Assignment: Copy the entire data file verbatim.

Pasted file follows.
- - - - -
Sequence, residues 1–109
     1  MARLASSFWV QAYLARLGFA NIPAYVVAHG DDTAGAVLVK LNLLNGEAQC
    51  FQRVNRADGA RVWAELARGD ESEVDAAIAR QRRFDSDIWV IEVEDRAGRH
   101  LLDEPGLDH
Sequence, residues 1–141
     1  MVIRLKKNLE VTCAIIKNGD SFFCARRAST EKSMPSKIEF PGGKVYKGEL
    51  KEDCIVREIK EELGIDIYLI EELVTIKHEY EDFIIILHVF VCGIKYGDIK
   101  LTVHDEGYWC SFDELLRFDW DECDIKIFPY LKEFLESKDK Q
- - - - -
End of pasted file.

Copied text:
Sequence, residues 1–109
     1  MARLASSFWV QAYLARLGFA NIPAYVVAHG DDTAGAVLVK LNLLNGEAQC
    51  FQRVNRADGA RVWAELARGD ESEVDAAIAR QRRFDSDIWV IEVEDRAGRH
   101  LLDEPGLDH
Sequence, residues 1–141
     1  MVIRLKKNLE VTCAIIKNGD SFFCARRAST EKSMPSKIEF PGGKVYKGEL
    51  KEDCIVREIK EELGIDIYLI EELVTIKHEY EDFIIILHVF VCGIKYGDIK
   101  LTVHDEGYWC SFDELLRFDW DECDIKIFPY LKEFLESKDK Q